The frightening meaning behind the phrase “Back to school necklace”
The phrase “backto school necklaces” is a very dark expression.
Parenting is your first priority. However, it can sometimes be difficult to spot potential danger signs.
For example, you might believe your child was discussing friendship jewellery when they talk about ‘backto school necklaces’. But we found out that the phrase actually refers something extremely dark and disturbing.
What is a back-to school necklace? What does it all mean?
Google quickly shows that the phrase “Back to School Necklace” is actually a euphemism, meaning a noose. It is used as code for suicide through hanging.
Urban Dictionary, who track the meanings of slang phrase – will give you the following definition and sentence example.
“A backto school necklace is another term for a noose. This is because you will feel complete despair once school starts again.
“School started yesterday. It was so painful that I decided to buy a back to school necklace.”
Back to School Necklace Memes
The phrase “back-to-school necklaces” is a popular youth trend that can be seen on social media via hashtags and memes.
The most famous back to school necklace meme is one that results from a Google images search. There are pictures of nooses appearing when you search the phrase.
Reactions on Twitter for “Back to school” necklaces
It seems that even children are searching innocently for jewellery to wear on their first day of school.
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Teen suicides on the rise
The rise of youth suicide in the UK is particularly worrying.
According to the Office of National Statistics’ (ONS) data, 232 young men (aged 10 to 19 years old), took their own lives in 2015 compared to just 179 in 2013.
What is the back-toschool necklace’?
Urban Dictionary is a website that defines new words in slang. It explains, “A back to school necktie is another name to a noose.” This is due to the feeling you have of complete despair once school resumes.
One Twitter user posted the following photo and captioned it: “Currently making back to school necklace!”
For some children, the pressure of their peers, schoolwork, and family life can become too much.
According to a study in The British Journal of Psychiatrystatistics, seven percent of UK youth have attempted suicide before they reach 17 years old. This was according to a report published by The Guardian back in February.
It also showed that almost one quarter of people claim they have been injured in the past 12 months. Experts predict that the number could rise because of the pandemic.
How to recognize if a child’s mental health is poor?
Dr. Coyle shared her top factors that can indicate a child’s suffering in silence.
Any kind of change in communication? Is the child withdrawing from social contact? Are they spending more time alone in their rooms than ever before?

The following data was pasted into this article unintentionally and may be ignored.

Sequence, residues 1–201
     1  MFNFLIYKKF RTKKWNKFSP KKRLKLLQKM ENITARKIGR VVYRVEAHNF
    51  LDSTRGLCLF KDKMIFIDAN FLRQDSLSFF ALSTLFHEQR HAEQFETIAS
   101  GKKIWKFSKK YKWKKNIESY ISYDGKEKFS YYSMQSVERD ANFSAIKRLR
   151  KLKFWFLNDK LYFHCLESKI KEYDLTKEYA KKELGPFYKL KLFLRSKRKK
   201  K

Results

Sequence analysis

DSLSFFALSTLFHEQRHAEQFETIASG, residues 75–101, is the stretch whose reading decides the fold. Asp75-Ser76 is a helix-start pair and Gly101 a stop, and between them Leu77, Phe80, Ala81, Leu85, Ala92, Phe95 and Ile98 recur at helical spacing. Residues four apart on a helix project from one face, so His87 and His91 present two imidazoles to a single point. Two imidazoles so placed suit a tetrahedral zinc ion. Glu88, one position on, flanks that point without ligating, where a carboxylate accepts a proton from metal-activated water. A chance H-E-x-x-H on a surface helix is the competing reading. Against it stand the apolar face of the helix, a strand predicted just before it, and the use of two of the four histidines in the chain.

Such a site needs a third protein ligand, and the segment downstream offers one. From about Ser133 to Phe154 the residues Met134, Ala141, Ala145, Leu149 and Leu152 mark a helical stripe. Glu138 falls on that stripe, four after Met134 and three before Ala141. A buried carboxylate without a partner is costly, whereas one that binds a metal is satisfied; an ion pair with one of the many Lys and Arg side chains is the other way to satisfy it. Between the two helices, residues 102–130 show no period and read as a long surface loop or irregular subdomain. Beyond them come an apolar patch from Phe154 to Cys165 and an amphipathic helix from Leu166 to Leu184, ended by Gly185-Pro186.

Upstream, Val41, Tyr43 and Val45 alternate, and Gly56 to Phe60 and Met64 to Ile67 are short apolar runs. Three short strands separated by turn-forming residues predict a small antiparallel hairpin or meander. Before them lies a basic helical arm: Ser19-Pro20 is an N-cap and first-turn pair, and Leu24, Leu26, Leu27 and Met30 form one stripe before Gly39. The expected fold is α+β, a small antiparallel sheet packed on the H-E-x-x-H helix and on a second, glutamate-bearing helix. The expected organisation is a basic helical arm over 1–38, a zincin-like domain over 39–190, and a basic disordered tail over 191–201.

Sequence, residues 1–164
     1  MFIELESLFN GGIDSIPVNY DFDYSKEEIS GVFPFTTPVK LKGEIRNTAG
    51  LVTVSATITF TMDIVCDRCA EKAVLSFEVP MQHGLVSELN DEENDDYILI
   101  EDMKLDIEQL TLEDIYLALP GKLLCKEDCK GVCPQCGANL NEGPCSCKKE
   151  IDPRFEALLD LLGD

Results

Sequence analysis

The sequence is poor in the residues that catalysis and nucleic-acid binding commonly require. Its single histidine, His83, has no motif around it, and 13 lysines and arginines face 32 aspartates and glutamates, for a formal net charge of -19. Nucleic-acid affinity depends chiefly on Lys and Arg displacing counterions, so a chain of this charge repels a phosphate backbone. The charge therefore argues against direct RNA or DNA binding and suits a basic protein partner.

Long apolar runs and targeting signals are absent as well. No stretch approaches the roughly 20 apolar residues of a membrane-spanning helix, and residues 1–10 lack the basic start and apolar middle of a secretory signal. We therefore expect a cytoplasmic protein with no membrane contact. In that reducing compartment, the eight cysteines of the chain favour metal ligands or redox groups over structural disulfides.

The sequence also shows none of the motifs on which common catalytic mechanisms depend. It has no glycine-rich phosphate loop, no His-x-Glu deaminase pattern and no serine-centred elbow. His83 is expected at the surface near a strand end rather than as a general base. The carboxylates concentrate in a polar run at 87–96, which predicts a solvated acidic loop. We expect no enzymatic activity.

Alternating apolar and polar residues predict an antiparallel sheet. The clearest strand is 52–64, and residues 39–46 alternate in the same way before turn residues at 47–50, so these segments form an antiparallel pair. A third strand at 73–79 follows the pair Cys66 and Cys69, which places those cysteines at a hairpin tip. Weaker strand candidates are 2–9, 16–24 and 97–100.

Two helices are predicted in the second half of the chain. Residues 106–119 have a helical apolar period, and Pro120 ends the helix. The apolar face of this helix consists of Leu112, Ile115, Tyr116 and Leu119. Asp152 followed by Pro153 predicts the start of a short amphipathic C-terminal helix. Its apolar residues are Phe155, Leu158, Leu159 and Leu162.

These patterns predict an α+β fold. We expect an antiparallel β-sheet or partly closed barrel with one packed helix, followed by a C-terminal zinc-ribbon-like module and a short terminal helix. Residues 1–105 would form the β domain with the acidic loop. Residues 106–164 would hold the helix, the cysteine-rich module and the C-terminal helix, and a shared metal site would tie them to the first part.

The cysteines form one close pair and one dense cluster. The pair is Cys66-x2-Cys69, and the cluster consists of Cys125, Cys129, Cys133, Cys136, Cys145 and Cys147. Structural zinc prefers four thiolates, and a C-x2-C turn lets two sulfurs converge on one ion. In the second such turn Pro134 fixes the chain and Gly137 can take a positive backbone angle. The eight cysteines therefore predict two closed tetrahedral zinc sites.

Do they want to be alone a lot?
Are they on a lot of screens?
Usage of alcohol and drugs
Feelings a little hopeless
Not taking part in the things they used.
Enjoying life does not mean you are happy.
Is their eating and sleeping schedule out of tune?
They may be engaging risky behaviours such as donating their belongings to others or saying, “I won’t be around much longer.”
You might also be watching for signs that you are self-harming.
Trust your intuition.
Even youngsters are shocked to discover the term. One uploaded a trend urging others to record their reactions before and after they search for “back-to school necklace” on Google. The clip below shows his reaction.
Dr. Coyne stressed to all children the importance of looking out for their siblings and best friends.
She explained that “it’s very important to get siblings, and kids, to look out to each other.” That will help you promote kindness, empathy, and cooperation. It’s okay to notice their kindness and empathy, rather than focusing on their argument.
And she puts her own advice into practice. “I am even telling them now, When you go to town with your friend I want that you look out and look out and support each other. – Don’t let them leave home without you. It’s crucial that you be with your friends and look after each other.
You can share your concern with your teenager and encourage them, if necessary, to speak to someone you trust. You can contact your GP for immediate assistance if your teen seems to be in danger.
Samaritans offer help 24 hours a days, 7 days a weeks. Call 116 123 for assistance or text SHOUT (85258) to get in touch with them.
The following apps are useful for managing anxiety among children: Headspace, Stop, Blow, Think Kids, and Thinking Mind.
For more resources, visit A Lust for Life.